Since most of us don’t have access to grand pianos and the opportunity to see the instrument’s inner workings they provide, it’s easy to forget a piano is actually a stringed instrument. It wasn’t a coincidence that early keyboards, harpsichords, included the word harp in their name. For what were they if not the means to play chords on a harp? Like any stringed instrument, when you depress or adjust the strings on a piano you change the tonal quality it will produce. While the idea of the prepared piano, a piano whose sound has been deliberately modified by attaching or placing objects on its strings, has been around since the time of Mozart, it was contemporary composer John Cage who, in the second half of the 20th century, used the technique for more than just effect and created entire compositions for prepared piano.
Turkish composer of new music Erdem Helvacioglu has created music for a variety of modern and traditional stringed instruments that have been unique in their balancing of electronic recording techniques and acoustic sounds. Whether using computers to generate loops that allow him to build layers of sound through improvisation or manipulating the sound of a concert harp through processors, he has always managed to both preserve the integral sound of the original instrument while managing to fully explore its potential for experimentation. So it seems only logical his latest release, Eleven Short Stories on Innova Recordings, would see him utilizing the largest stringed instrument around—a prepared grand piano.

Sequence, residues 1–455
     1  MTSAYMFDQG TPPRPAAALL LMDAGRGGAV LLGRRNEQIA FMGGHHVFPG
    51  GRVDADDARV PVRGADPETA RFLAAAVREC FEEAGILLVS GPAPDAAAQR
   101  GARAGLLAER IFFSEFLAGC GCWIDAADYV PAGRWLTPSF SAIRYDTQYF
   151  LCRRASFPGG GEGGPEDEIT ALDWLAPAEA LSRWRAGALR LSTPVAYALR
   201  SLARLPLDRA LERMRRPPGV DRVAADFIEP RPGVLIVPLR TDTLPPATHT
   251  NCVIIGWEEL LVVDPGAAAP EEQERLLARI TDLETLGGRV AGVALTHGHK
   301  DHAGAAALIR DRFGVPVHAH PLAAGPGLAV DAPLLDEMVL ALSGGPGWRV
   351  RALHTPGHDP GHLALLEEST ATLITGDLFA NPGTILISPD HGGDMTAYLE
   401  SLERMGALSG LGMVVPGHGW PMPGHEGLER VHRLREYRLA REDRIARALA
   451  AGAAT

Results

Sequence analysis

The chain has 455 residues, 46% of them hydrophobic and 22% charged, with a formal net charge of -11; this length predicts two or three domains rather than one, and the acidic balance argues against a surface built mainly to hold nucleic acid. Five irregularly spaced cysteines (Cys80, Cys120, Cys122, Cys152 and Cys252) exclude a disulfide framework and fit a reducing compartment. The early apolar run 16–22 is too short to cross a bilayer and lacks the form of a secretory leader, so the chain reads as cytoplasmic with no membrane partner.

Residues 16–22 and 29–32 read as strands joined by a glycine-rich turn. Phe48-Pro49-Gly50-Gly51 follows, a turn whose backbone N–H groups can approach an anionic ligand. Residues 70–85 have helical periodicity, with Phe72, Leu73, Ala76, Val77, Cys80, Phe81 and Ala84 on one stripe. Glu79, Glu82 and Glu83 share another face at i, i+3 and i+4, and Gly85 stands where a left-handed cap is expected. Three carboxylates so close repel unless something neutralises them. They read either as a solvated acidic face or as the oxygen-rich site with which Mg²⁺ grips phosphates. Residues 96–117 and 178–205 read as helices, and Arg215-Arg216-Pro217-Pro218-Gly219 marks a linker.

Each of the 11 pieces on this recording have been inspired by one of 11 film directors. Ranging from the relatively well known (David Lynch and Steven Soderbergh), to those who North American audiences won’t be familiar with at all (Alejandro Goales Inarritu and Kimm Ki-Duk), the directors in question represent a broad cross section of styles and cultures. Each of them will have their own unique vision of the world they articulate in film. Yet film itself is an amalgamation of more than one art form as visual arts, music, and literature are all utilized by the directors in the process of telling a story. So Helvacioglu is not simply creating soundtracks for each of the directors, but rather endeavouring to capture the essence of their overall creation.